It would seem fair to say both the British and American governments have reason to worry about the success of ISIS recruiting efforts within the homeland. And then there’s the little matter of our wide-open southern border, across which ISIS could easily move entire platoons. Texas governor Rick Perry stirred up some controversy last Thursday by musing “it’s a very real possibility” that “individuals from ISIS or other terrorist states” could be taking advantage of border chaos, but that’s the simplest and most common-sense observation imaginable. Of course they can walk operatives right across the border; the security measures necessary to stop it would also block the illegal immigration America’s Ruling Class finds politically desirable. There is no system imaginable under which “dreamers” who violate the border as an “act of love” can cross by the tens of thousands, but mean, nasty old terrorists cannot.
A former CIA officer told radio host Laura Ingraham that ISIS and other terror groups have been reaching out to Mexican cartels; the massive new terror state in Iraq has plenty of money to pay for the smuggling services of top-shelf coyotes. Former CIA director Mike Morell noted last week that it wouldn’t take a lot of sophisticated equipment for terrorist operatives to rack up an impressive body count in urban or suburban America: “If an ISIS member showed up at a mall in the United States tomorrow with an AK-47 and killed a number of Americans, I would not be surprised.”
There’s also the disturbing question of the intellectual contagion represented by ISIS. That’s why President Obama’s offhanded attempts to dismiss them as tiny group of irrelevant troublemakers, soon to be blown out of the Twenty-First Century by the stiff breeze of history, are so dangerously wrongheaded. The Islamic State has a great deal of what Osama bin Laden described as “strong-horse” appeal. They look like winners, whereas bin Laden’s crew was yelling about jihad from caves in Afghanistan. The “caliphate” is a real place, with borders that were relentlessly expanding until American air power was deployed to stiffen Kurdish and Iraqi resistance. It has a fat treasury, and plenty of captured military hardware – possibly including an air force now, as they captured a major military air base in Syria over the weekend. The “caliphate” idea has enough viral appeal to inspire the Boko Haram savages in Nigeria to declare their own, complete with an inaugural massacre of prisoners.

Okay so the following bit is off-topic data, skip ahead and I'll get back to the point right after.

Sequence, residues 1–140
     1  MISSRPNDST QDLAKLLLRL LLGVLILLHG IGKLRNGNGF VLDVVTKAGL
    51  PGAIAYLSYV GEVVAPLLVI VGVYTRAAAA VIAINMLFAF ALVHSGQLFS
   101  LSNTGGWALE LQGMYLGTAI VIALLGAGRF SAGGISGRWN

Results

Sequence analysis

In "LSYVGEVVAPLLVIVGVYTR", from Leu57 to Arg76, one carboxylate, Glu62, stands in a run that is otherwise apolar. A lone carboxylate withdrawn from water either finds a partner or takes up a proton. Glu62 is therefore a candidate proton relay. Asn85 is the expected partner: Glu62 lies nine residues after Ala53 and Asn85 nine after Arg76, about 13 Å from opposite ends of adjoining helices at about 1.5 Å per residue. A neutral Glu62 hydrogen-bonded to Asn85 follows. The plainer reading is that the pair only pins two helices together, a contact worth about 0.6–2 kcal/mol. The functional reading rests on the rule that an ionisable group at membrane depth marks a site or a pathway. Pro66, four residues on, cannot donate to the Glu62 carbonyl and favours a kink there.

Morale and willpower are the alpha and omega of war. ISIS claims the balance of morale is on its side, and it can show its devotees plenty of evidence to back up that claim, including dim-witted editorials in major American newspapers lecturing the Western world on the “moral hazard” of referring to ISIS as “evil,” because George Bush created them by calling them nasty names. When a terrorist reads crap like this, he’s got every reason to think a good massacre in suburbia is all it will take to bring a significant fraction of the American liberal establishment to its knees, sobbing Bush’s name and gargling about “outreach” while they staple white handkerchiefs to pool cues. Also, since ISIS thrives on its barbaric prestige, it has defensive reasons to pull off some kind of atrocity on 9/11; it will appear weakened to its followers if it doesn’t prove it can draw blood from the West. The occasional murder of a Western hostage won’t be good enough to keep those fires of jihad burning.
With all of that in mind – aggressive recruiting by ISIS with a track record of success in Western nations, adept use of social media, weak American border security, plenty of soft targets to exploit, plus a weak and confused White House headed by a disconnected President and the anniversary of 9/11 hard upon us – which of the threat assessments I mentioned at the beginning of this article sounds more plausible: the chairman of the Joint Chiefs portraying the Islamic State as primarily being a threat to its immediate neighbors, or the chair of the House Homeland Security Committee worrying that “external operations” might already be under way?